The simple layered structure illustrated in FIGS. 1 and 2 is provided by way of non-limiting example, and it is understood that embodiments of the invention may be used in connection with a wide variety of other structures. The specific materials and structures described are exemplary in nature, and other materials and structures may be used. Functional OLEDs may be achieved by combining the various layers described in different ways, or layers may be omitted entirely, based on design, performance, and cost factors. Other layers not specifically described may also be included. Materials other than those specifically described may be used. Although many of the examples provided herein describe various layers as comprising a single material, it is understood that combinations of materials, such as a mixture of host and dopant, or more generally a mixture, may be used. Also, the layers may have various sublayers. The names given to the various layers herein are not intended to be strictly limiting. For example, in device 200, hole transport layer 225 transports holes and injects holes into emissive layer 220, and may be described as a hole transport layer or a hole injection layer. In one embodiment, an OLED may be described as having an “organic layer” disposed between a cathode and an anode. This organic layer may comprise a single layer, or may further comprise multiple layers of different organic materials as described, for example, with respect to FIGS. 1 and 2.

Structures and materials not specifically described may also be used, such as OLEDs comprised of polymeric materials (PLEDs) such as disclosed in U.S. Pat. No. 5,247,190 to Friend et al., which is incorporated by reference in its entirety. By way of further example, OLEDs having a single organic layer may be used. OLEDs may be stacked, for example as described in U.S. Pat. No. 5,707,745 to Forrest et al, which is incorporated by reference in its entirety. The OLED structure may deviate from the simple layered structure illustrated in FIGS. 1 and 2. For example, the substrate may include an angled reflective surface to improve out-coupling, such as a mesa structure as described in U.S. Pat. No. 6,091,195 to Forrest et al., and/or a pit structure as described in U.S. Pat. No. 5,834,893 to Bulovic et al., which are incorporated by reference in their entireties.

Unless otherwise specified, any of the layers of the various embodiments may be deposited by any suitable method. For the organic layers, preferred methods include thermal evaporation, ink-jet, such as described in U.S. Pat. Nos. 6,013,982 and 6,087,196, which are incorporated by reference in their entireties, organic vapor phase deposition (OVPD), such as described in U.S. Pat. No. 6,337,102 to Forrest et al., which is incorporated by reference in its entirety, and deposition by organic vapor jet printing (OVJP), such as described in U.S. Pat. No. 7,431,968, which is incorporated by reference in its entirety. Other suitable deposition methods include spin coating and other solution based processes. Solution based processes are preferably carried out in nitrogen or an inert atmosphere. For the other layers, preferred methods include thermal evaporation. Preferred patterning methods include deposition through a mask, cold welding such as described in U.S. Pat. Nos. 6,294,398 and 6,468,819, which are incorporated by reference in their entireties, and patterning associated with some of the deposition methods such as ink-jet and OVJD. Other methods may also be used. The materials to be deposited may be modified to make them compatible with a particular deposition method. For example, substituents such as alkyl and aryl groups, branched or unbranched, and preferably containing at least 3 carbons, may be used in small molecules to enhance their ability to undergo solution processing. Substituents having 20 carbons or more may be used, and 3-20 carbons is a preferred range. Materials with asymmetric structures may have better solution processibility than those having symmetric structures, because asymmetric materials may have a lower tendency to recrystallize. Dendrimer substituents may be used to enhance the ability of small molecules to undergo solution processing.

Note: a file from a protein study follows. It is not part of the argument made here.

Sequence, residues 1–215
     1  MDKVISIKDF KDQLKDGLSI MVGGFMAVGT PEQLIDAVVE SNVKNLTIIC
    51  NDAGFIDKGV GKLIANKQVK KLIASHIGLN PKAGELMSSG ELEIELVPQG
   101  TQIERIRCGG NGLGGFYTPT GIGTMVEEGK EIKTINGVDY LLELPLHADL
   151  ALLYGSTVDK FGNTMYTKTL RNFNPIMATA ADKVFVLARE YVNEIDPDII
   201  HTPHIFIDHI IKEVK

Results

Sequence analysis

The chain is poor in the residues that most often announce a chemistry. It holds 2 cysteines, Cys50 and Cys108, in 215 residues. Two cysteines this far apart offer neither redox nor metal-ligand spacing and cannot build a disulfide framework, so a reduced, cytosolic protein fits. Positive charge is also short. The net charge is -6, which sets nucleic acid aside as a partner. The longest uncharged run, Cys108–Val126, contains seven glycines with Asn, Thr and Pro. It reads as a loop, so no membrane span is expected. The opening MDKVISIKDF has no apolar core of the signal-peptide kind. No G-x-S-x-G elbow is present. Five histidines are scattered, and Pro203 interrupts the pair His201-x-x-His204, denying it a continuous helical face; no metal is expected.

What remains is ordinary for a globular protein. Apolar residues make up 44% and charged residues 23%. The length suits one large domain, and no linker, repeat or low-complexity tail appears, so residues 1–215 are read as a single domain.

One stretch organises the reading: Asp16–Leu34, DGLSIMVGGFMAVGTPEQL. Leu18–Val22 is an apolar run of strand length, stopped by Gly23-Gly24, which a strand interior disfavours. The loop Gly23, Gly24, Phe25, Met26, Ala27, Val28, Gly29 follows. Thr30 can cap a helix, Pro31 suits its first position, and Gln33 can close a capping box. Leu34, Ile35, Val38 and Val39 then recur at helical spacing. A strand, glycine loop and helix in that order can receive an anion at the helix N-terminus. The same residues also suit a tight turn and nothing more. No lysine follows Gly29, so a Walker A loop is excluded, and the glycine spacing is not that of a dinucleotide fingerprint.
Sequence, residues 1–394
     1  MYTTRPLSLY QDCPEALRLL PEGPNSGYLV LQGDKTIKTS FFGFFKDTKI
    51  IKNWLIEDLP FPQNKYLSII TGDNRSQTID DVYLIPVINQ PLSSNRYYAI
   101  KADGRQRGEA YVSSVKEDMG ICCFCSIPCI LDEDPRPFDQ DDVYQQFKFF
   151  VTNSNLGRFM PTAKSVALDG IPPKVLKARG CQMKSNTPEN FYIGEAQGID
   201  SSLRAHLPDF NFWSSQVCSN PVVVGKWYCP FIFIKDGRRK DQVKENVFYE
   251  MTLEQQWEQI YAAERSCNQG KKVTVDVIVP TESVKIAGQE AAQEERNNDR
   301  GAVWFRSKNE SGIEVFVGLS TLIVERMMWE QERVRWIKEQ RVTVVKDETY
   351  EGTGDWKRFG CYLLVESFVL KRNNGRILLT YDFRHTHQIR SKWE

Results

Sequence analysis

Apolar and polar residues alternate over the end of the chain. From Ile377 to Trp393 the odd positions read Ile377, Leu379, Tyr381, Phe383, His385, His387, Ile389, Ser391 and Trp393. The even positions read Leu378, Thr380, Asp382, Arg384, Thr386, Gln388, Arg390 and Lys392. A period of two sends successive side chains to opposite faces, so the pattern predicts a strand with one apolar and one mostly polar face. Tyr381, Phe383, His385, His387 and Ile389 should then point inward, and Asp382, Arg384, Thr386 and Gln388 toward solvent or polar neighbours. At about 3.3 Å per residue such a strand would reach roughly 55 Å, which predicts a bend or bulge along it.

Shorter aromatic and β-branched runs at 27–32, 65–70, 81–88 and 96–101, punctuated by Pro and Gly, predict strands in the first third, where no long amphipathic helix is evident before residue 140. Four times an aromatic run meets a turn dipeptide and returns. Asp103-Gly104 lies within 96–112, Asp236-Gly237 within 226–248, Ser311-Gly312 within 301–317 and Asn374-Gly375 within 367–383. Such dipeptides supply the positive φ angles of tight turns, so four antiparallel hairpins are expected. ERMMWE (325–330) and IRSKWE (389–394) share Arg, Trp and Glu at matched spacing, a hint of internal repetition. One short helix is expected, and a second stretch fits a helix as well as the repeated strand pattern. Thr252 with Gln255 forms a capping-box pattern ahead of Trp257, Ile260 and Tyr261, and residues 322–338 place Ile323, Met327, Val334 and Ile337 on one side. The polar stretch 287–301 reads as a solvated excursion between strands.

Devices fabricated in accordance with embodiments of the present invention may further optionally comprise a barrier layer. One purpose of the barrier layer is to protect the electrodes and organic layers from damaging exposure to harmful species in the environment including moisture, vapor and/or gases, etc. The barrier layer may be deposited over, under or next to a substrate, an electrode, or over any other parts of a device including an edge. The barrier layer may comprise a single layer, or multiple layers. The barrier layer may be formed by various known chemical vapor deposition techniques and may include compositions having a single phase as well as compositions having multiple phases. Any suitable material or combination of materials may be used for the barrier layer. The barrier layer may incorporate an inorganic or an organic compound or both. The preferred barrier layer comprises a mixture of a polymeric material and a non-polymeric material as described in U.S. Pat. No. 7,968,146, PCT Pat. Application Nos. PCT/US2007/023098 and PCT/US2009/042829, which are herein incorporated by reference in their entireties. To be considered a “mixture”, the aforesaid polymeric and non-polymeric materials comprising the barrier layer should be deposited under the same reaction conditions and/or at the same time. The weight ratio of polymeric to non-polymeric material may be in the range of 95:5 to 5:95. The polymeric material and the non-polymeric material may be created from the same precursor material. In one example, the mixture of a polymeric material and a non-polymeric material consists essentially of polymeric silicon and inorganic silicon.